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    Five Key Traits of Exceptional Agile Teams in Software Development

    By Michael Manzo
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    At CodeStringers, we consider ourselves experts in Agile implementation, and we consider that one of our key competitive advantages. Consequently, we’ve written extensively about Agile related topics in our blog section. Lately, however, we’ve been noticing that team dynamics are an often-overlooked variable in the success (or failure) of Agile implementations. The most successful and efficient teams, we’ve noticed, consistently exhibit certain key characteristics that significantly impact productivity. In this article, we delve into five essential elements that constitute a high-performing Agile team, drawing from personal experiences and observations.

    1. Communication

    The Bedrock of Team Dynamics

    Effective communication is the cornerstone of any high-performing Agile team. However, this transcends routine stand-ups or status meetings. It involves creating an environment where team members feel comfortable sharing ideas, challenges, and feedback openly and constructively. In our experience, teams with a culture of transparent communication identify and resolve issues more efficiently, fostering a more adaptive and responsive workflow.

    In one project I managed, we emphasized open discussion of blockers in our daily stand-ups. This practice did not just aid in swift issue resolution but also promoted a sense of collective responsibility. We integrated tools like Slack for continuous communication and JIRA for tracking, both crucial in maintaining alignment and transparency.

    Building a Communication – Conducive Environment

    • Regular Check-Ins: Beyond daily stand-ups, we implemented weekly one-on-ones, allowing team members to discuss concerns in a more private setting.
    • Retrospectives: Regular retrospectives helped us reflect on what worked and what didn’t, continually refining our communication strategies.

    2. Collaboration

    More Than Just Cooperation

    Collaboration in Agile teams involves a deep-seated ethos of working collectively towards common goals. High-performing teams engage proactively with each other’s work, offering assistance and insights. This not only expedites the development process but also enhances output quality.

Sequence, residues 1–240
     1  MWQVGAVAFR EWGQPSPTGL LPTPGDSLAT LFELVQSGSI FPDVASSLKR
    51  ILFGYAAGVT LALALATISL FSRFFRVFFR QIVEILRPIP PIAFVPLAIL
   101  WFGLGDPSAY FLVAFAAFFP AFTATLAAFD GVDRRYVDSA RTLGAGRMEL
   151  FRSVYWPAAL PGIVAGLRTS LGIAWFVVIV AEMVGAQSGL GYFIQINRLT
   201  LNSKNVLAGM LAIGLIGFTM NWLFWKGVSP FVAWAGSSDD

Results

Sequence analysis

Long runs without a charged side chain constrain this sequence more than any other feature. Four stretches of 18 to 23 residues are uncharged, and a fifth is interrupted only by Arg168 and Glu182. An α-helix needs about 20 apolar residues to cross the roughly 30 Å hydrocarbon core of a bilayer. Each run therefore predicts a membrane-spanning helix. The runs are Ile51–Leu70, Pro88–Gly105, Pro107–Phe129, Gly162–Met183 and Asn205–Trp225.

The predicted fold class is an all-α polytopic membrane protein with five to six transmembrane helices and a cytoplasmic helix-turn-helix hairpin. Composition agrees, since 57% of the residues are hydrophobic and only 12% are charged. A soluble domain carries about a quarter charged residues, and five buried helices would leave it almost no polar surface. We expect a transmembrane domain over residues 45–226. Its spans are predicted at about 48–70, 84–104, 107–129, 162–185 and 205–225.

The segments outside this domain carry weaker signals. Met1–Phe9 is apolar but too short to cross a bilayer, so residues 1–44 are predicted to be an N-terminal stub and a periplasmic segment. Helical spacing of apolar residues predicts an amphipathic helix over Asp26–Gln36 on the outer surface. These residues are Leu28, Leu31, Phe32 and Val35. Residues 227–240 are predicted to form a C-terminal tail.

In a memorable project, the development and design teams collaborated exceptionally. Designers joined coding sessions to provide immediate feedback, resulting in a well-balanced product in terms of functionality and aesthetics.

    Fostering Team Collaboration

    • Pair Programming: Encouraging developers to work in pairs increased knowledge sharing and reduced the occurrence of overlooked issues.
    • Cross-Team Meetings: Regular meetings between different teams (like development and QA) ensured alignment and shared understanding of objectives.

    3. Self-Organizing & Self-Sufficient

    Autonomy and Versatility

    Agile teams excel when they are self-organizing and self-sufficient, having the autonomy to make decisions and possessing a wide range of skills. Teams that manage their workload, set goals, and devise strategies independently often display increased morale, productivity, and quality of deliverables.

    A team I worked with took full ownership of their sprints. They determined their workload, committed to deadlines, and held themselves accountable. This autonomy led to heightened motivation and consistently high-quality outcomes.

    Strategies for Self-Organization

    • Empowering Decision-Making: Allowing teams to make key decisions on project approaches and technologies used.
    • Skill Development Programs: Implementing continuous learning programs to enhance team versatility and self-sufficiency.

    4. Metrics-Driven

    Guided by Data